The sacrum is a large, triangular bone located between the lumbar and coccygeal portions of the caudal spinal axis.
A healthy sacral region is rarely fractured except in instances of serious injury, such as a fall or trauma to the area. However, patients with osteoporosis are inclined to develop stress fractures and fatigue fractures in the sacrum.
Sacroiliac Joint Pain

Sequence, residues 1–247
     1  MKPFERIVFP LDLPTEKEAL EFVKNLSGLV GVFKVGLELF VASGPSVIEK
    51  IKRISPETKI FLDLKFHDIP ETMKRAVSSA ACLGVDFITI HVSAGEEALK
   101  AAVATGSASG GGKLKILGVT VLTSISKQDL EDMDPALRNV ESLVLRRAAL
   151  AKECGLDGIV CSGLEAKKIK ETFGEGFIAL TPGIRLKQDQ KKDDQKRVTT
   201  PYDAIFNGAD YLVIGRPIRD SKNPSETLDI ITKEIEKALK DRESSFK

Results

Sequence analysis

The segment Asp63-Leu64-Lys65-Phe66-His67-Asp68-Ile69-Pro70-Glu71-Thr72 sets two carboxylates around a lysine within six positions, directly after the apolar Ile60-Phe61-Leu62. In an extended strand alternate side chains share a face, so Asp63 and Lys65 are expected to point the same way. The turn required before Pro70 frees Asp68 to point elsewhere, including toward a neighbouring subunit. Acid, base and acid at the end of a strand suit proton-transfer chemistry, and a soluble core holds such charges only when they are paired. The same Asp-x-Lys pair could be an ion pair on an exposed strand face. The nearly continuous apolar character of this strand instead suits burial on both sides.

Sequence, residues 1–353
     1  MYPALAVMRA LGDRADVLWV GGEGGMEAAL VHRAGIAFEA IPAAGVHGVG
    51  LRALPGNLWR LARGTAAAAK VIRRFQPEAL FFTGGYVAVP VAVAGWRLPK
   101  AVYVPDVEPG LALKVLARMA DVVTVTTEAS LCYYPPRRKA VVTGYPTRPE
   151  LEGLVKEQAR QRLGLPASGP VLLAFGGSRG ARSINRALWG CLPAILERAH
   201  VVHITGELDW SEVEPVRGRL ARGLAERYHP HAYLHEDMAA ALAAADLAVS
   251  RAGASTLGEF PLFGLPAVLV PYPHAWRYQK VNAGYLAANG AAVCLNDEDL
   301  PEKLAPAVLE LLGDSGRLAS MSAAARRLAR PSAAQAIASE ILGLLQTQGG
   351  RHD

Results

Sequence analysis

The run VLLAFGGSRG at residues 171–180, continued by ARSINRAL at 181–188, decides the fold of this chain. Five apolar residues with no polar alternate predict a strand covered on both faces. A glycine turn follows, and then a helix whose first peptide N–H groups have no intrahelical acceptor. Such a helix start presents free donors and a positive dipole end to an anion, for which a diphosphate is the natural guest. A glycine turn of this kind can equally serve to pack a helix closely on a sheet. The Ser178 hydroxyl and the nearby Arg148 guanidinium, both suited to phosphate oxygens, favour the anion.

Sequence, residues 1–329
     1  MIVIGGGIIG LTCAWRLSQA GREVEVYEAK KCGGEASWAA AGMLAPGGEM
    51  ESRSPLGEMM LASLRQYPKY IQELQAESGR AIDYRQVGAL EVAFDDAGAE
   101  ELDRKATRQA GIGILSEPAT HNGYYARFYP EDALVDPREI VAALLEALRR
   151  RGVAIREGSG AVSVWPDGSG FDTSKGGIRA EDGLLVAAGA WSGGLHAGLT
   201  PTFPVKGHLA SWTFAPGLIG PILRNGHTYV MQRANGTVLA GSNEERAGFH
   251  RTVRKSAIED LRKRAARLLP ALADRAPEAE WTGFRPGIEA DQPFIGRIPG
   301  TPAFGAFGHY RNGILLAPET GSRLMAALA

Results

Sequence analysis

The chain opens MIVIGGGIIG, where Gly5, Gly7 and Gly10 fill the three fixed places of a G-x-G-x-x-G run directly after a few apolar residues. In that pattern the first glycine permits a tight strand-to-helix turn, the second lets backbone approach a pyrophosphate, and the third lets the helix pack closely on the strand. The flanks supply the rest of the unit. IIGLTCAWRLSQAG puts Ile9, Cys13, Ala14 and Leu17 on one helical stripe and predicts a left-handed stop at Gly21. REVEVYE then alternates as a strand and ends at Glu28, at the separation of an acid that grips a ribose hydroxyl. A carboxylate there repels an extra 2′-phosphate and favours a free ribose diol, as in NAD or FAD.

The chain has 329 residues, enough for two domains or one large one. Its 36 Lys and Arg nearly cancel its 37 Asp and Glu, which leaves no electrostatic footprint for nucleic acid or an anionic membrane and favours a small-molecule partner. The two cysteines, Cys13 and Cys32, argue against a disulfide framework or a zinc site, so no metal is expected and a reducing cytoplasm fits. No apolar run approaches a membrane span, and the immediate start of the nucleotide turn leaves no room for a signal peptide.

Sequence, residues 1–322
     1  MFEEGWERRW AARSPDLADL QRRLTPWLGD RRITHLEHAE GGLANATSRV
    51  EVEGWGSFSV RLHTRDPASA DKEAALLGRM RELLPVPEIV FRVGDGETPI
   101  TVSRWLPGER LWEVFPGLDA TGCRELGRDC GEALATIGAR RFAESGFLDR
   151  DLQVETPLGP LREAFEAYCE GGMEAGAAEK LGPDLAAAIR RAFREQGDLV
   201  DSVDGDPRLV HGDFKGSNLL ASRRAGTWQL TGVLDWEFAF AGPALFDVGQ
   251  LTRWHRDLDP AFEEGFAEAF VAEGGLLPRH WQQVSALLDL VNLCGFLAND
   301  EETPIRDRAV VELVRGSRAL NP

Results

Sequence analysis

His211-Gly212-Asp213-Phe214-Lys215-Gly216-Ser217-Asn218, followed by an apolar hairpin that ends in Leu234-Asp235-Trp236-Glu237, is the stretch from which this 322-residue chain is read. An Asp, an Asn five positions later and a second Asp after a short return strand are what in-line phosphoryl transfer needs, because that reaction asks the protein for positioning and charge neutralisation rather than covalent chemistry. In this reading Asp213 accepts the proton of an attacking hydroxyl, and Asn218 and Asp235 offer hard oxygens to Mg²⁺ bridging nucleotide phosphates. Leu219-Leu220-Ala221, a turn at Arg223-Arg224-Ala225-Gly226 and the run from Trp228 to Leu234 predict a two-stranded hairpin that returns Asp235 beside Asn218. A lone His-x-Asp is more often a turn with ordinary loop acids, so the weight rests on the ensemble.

Inflammation of the SI joint (sacroiliitis) can be the source of buttock and upper thigh pain. This is seen classically as ankylosing spondylitis and the other seronegative spondyloarthropathies. The combination of maximal pain below L5 plus pain in the region of the posterior superior iliac spine (PSIS) and tenderness in the sacral sulcus region has a positive predictive value of 60%. The classic feature of sacroiliitis on history is that the back pain is improved with activity and exacerbated by rest. This pain will usually waken a patient from sleep at night. SI imaging, plain films, or MRI can be used for definitive evaluation of the SI joint. On physical examination it will be important to stress the SI joint with a flexion abduction external rotation (FABER) test.